Mindfulness Exercise

Buddhism and Modern Psych Week 2: Mindfulness Meditation and the Brain

In preparation for meditation, the teacher first talks about being mindful — our brains often wander off to random topics.  We all do this.  While involved in one task, you’re thinking about others.  He says that, anecdotally and scientifically, meditation helps to calm and quiet those extraneous thoughts.  The first step, as in the first step to realizing dukkha, is simply to realize this is happening.

The Challenge:

Walk down the street, and see what you normally pay attention to.  Then mindfully pull your attention from that, and see what you’ve been ignoring.  Other people, the sky, billboards, building materials of the structures?  If you usually are focused on the crowded path, the smelly odors, or the trash on the sidewalk, can you instead look at the expansive sky, notice a happy baby, feel compassion for a downtrodden pedestrian?

This is not directly quieting your mind, as you are still in fact observing life around you.  But it helps you to be aware, and helps retrain your mind to new areas.

I always saw my tile counter top as “ugly grey,” but when he said to notice more, I mindfully looked a little deeper, (since I had my computer on the tile while washing dishes as a chore of love!), and I realized they are an intricate pepper-speckling of white and black dots along with various shades of grey (not the steamy book!) There is no solid background color, it’s a detailed pointillism of color!  While I still don’t like it in my kitchen, I feel I at least have a bit more appreciation for the confetti-like speckles of the tile.  Perhaps I can train myself to think “fiesta!!  Party!” every time I see them :)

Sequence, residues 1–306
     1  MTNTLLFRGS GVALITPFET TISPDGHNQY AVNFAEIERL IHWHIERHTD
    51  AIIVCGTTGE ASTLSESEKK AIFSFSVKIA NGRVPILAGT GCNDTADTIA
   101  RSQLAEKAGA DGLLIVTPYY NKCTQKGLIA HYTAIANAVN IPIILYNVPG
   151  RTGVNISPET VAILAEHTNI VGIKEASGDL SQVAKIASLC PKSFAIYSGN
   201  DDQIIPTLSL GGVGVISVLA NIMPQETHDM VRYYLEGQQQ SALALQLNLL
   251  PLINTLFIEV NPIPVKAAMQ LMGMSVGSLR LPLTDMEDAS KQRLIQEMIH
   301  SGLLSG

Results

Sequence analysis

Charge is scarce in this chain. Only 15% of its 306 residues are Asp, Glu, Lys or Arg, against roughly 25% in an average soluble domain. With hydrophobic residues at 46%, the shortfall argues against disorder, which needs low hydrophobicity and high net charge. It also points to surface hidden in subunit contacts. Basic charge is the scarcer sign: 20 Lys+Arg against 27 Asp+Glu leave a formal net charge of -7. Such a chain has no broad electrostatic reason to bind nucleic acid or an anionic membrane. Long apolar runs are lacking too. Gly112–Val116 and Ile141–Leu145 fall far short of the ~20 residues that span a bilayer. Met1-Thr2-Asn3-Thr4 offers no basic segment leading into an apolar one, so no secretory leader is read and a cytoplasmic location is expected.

What other things could I notice in a new light?


Buddhist Christians?

Christianity and Buddhism — more alike that we think?

Despite the teacher’s constant downplaying of Christianity in a way that makes it clear he does not believe in the Christian beliefs (and perhaps is even trying to hide a desire to mock it), I feel that the more I learn, the more I see parallels between Buddhist teachings and Jesus’ teachings.

I do think that America (and likely Europe before) have “Westernized” the Christian faith, much in the way they have “westernized” modern medicine.  Modern medicine often starts from natural remedies — aspirin was discovered based on willow bark; red yeast rice lead to the creation of statins.  Yet, if we revert back to the origin, and start to bring more natural cures and treatments into medical practice (yoga, meditation, herbs, acupuncture, etc) this has been scoffed at as voodoo, quackery, and hippie stuff.  Yet science is, time and again, finding out that there is something to these practices that can be backed not only by increasing anecdotal evidence, but also by scientific literature.  Likewise, I believe that the Christian faith may have “quacky” or “mystic” origins that modern day teachings have lost track of, and would now scoff at, or find offensive.  Perhaps we should have a warmer embrace of some of the Buddhist views – and that perhaps Jesus himself was sharing the same teachings – but to say that aloud is to invite attacks from some church communities that I am tainting His word, that I am being blinded by “the enemy,” that I am opening myself to witchcraft by practicing yoga, etc.  But it is a statement I have made many times – that I believe we have put God in a Westernized box, so we can try to understand Him (even though the Bible tells us He is beyond understanding.)  That was have taken someone who is huge, miraculous, and abstract and tried to restrain Him to 66 books in the Bible (with some additions for Mormon and Catholic branches of Christian faith.)